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Old 12-08-2010, 12:06 PM   #71
Blair Lowe
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Blame this on the proliferation of the Olympic Lifts into use by the masses.

One of the mondo expensive gyms around here expouses the Olympic Lifts for their S&C. This is not just a gym, but a gym, spa, salon, club for the wealthy. I don't know exactly how rich you have to be, but I don't hear of people making under 6 digits going there.

So it's not just about being HC, it can be about functional. But what happens when they are doing them on their own because they saw them in Men's Health or Maxim? 1/4 squats with 25's.
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Old 12-08-2010, 12:15 PM   #72
Andrew Wilson
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On my first post concerning metabolic conditioning:

"Anaerobic training can match endurance training for aerobic benefit" [sic]
No this is wrong. Endurance training elicits increases in cardiac volume, adaptive changes in the peripherical circulations, bioenergetic efficiency in steady state, increases oxidative capacity of the slow twitch fibers, contractility of the fast twitch fibers with slow twitch fibers, enhances the oxidative capacity of fast twitch fibers (Verkhoshansky, 1999). Anaerobic training does not.


The VO2max is only optimually developed in 100%-80% VO2max, that's maximal runs in 2mi-13mi. Anaerobic effort exceeds the 100% of the VO2max; that's the purpose of having the anaerobic energy pathways in the first place. Just doing anaerobic training you will not develop the optimal physiological effects that are specifically developed during aerobic training mentioned above. Interval training increases VO2max because these elite athletes that use interval training, do so at a pace, not maximal run, or continue effort at a lower intensity during the rest period; not just stopping as people think. This is seen in Seb Coe's 7x800m (3.5mi), he runs the 800m at 5km pace, which is one way he built his VO2max to run a 3:47 mile, and Roger Bannister's 10x400m (2.5mi+) with two minutes of jogging as rest and 5x800m with 6 minute job as rest.


"Metabolic training with varying and mixed exercise modalities avoids specificity of adaptation following for additional first wave - cardiovascular/respiratory adaptations, and increased functional strength" [sic]
One, all training is metabolic training for metabolic reactions are the only means to produce energy for any physical and contracile effort. Therefore high intensity circuits solely called metabolic conditioning is wrong. Two, adaptation is the ability of the body to cope with specific tasks under specific conditions (Siff, 2004). To tell the body to simply not adapt to particular and specific physical stressors is impossible, and to neglect specifity of adaptation, is simply not adapting to anything at all therfore adaptative reconstruction is not taking place. If the sportsman is not adapting, physiological improvements are void; and if the sportsman is not systematically and specifically exposed to stressors that enable them to efficiently manage future exposure, the sportsman will not be prepared for anything.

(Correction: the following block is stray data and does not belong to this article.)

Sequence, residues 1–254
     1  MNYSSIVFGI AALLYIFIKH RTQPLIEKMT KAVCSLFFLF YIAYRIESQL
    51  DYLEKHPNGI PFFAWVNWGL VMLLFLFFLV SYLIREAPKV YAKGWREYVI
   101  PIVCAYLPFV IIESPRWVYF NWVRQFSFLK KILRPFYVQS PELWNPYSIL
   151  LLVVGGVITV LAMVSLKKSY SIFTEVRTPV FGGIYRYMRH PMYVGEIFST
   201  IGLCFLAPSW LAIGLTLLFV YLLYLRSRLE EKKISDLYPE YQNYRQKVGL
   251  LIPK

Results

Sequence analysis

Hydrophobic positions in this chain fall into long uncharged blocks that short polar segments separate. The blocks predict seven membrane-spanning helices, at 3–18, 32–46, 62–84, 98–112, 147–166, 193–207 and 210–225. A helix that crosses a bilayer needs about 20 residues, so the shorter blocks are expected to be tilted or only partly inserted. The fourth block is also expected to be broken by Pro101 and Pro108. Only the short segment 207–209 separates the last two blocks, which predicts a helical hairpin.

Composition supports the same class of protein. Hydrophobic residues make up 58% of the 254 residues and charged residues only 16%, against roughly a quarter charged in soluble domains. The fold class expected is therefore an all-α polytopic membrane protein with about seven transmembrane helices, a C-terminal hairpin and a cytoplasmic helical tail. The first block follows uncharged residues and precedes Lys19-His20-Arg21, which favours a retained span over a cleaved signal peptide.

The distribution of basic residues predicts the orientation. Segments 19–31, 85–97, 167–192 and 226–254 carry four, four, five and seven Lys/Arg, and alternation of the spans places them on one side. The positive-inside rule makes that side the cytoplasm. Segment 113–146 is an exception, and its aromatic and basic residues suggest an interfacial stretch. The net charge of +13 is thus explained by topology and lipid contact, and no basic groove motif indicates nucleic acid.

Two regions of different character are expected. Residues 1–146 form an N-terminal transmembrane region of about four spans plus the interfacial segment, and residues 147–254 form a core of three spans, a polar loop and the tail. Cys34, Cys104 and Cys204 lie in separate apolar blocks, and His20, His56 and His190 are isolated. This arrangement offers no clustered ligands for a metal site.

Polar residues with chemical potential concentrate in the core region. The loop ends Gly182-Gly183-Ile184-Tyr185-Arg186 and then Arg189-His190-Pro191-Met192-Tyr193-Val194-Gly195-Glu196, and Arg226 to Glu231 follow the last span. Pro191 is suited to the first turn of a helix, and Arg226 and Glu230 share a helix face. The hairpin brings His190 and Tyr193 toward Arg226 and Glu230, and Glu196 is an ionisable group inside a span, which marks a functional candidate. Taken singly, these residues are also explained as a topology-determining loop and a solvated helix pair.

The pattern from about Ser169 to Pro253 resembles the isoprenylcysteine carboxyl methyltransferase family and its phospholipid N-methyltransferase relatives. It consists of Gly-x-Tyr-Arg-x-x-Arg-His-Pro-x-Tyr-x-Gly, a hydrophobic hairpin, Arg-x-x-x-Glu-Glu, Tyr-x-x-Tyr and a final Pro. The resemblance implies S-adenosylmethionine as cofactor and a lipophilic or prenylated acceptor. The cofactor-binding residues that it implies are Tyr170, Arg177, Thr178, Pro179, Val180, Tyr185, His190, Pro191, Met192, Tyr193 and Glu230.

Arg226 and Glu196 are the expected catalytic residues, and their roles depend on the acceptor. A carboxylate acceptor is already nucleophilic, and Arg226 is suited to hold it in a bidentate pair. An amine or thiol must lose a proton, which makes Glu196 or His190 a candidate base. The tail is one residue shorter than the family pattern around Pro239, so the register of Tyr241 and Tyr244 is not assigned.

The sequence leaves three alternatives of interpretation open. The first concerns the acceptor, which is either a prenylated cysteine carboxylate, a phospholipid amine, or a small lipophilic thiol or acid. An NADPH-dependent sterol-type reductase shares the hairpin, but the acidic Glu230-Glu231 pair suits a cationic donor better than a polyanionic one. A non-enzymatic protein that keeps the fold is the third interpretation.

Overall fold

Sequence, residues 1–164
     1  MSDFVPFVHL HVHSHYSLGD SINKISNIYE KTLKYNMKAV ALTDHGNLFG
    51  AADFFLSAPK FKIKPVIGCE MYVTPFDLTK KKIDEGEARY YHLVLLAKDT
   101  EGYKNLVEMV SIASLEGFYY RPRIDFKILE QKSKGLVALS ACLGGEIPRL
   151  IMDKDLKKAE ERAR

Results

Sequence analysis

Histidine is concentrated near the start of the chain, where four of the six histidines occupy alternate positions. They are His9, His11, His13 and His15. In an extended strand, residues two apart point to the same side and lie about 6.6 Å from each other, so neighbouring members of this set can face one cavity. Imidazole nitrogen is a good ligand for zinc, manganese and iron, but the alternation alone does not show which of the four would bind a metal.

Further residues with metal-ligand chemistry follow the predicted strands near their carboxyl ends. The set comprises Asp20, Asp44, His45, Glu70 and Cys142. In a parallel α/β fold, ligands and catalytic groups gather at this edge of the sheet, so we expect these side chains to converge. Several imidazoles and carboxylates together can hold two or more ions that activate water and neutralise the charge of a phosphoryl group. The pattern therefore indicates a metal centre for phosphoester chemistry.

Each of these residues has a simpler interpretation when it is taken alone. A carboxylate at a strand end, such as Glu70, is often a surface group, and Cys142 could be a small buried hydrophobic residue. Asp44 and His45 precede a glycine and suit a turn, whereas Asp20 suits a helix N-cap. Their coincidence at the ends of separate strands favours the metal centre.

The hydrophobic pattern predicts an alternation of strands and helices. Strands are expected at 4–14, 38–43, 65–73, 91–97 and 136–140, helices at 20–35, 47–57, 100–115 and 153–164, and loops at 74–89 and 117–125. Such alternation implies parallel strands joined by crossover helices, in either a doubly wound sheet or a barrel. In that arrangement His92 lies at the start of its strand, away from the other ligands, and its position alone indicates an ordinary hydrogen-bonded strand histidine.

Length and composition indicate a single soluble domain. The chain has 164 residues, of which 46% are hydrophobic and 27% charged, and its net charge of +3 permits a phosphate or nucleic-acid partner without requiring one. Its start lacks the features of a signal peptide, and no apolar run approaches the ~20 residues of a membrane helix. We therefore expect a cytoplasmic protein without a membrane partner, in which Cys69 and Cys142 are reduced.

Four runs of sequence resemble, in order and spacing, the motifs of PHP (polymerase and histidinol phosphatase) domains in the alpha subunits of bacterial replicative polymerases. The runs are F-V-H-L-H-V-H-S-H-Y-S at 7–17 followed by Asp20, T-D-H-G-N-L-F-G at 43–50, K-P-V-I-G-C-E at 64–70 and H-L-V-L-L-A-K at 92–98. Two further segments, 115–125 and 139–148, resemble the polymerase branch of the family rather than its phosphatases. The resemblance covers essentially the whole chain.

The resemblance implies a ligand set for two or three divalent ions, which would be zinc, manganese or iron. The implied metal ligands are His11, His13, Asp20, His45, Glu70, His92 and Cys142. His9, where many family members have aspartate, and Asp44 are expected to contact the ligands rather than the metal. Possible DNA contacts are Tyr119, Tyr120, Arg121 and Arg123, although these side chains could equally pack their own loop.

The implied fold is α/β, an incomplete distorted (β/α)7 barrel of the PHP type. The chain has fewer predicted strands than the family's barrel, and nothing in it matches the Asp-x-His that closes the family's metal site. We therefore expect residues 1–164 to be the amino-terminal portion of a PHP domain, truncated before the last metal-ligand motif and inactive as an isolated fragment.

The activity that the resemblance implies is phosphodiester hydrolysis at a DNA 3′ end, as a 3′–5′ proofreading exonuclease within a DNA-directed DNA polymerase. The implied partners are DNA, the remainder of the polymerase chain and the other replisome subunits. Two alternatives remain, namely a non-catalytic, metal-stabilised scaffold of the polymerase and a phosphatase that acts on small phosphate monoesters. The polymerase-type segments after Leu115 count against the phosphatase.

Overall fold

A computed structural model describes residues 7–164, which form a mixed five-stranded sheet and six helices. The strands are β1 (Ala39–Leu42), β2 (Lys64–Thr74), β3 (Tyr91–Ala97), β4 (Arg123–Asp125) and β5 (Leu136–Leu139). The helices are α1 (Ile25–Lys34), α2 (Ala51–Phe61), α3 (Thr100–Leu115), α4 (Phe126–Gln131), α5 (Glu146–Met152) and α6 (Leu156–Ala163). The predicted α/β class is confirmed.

On Anaerobics and Aerobics
Only Anaerobics "Increases power, speed, and strength" [sic]
This is wrong. How would CrossFit explain Manny Pacquiao's power, speed and strength in round 13? Or Kenenisa Bekele's 26:17 world record in the 10,000m? Power, speed, and strength are dependant and developed on the adaptation of resistance and speed of contractile movement, the inter and intramuscular coordination of the muscle fibers for contractile effort, the frequency and intensity of neurological firing based on previous exposure and present use; the rate it can produce force. Thus the production of ATP is simply the supplimentation of energy for these efforts are not the cause.


Aerobics "Burn Muscle" [sic]
No this is patheticly wrong. The muscle quantity in the human body does not change or yet to be conditionally proved under normal conditions to change in quantity; and hyperplasia is heavily questioned. Muscles simply change in size experiencing hypertrophy or atrophy, simply because of the increase or decrease in the number and size of individual myofibrils in the fibers and connective tissue. Volume of non contractile protein and semifluid plasma between the myofibrils decrease or increase, or there is an increase or decrease in the size and number of sarcomeres that comprise the myofibrils. These are by products of bioenergetic and muscular tension demands in specificity of training. Otherwise ultramarathon runners would have two muscles fibers according to CrossFit.

Only Anaerobics "Builds Muscle" [sic]
No wrong, same thing.

Only Anaerobics "Aids in all sports"
An amatuer statement. Same as the first point.

Anaerobics "Develops aerobic capacity" [sic]
No... it does not. Both have individual cellular organs that house the production of adenosine triphosphate in their own way, they do not cross over. Otherwise according to CrossFit Usain Bolt would win all the 100mi races. Anaerobics aid in myocardial power, work power of the neuromuscular system, increase the work power of the muscular system at specific regimes of recall, and decrease the parity between adenosine triphosphate production w/ & w/o oxygen at varying intensities of effort as they collaborate in physical performance.

Pukie on VO2max: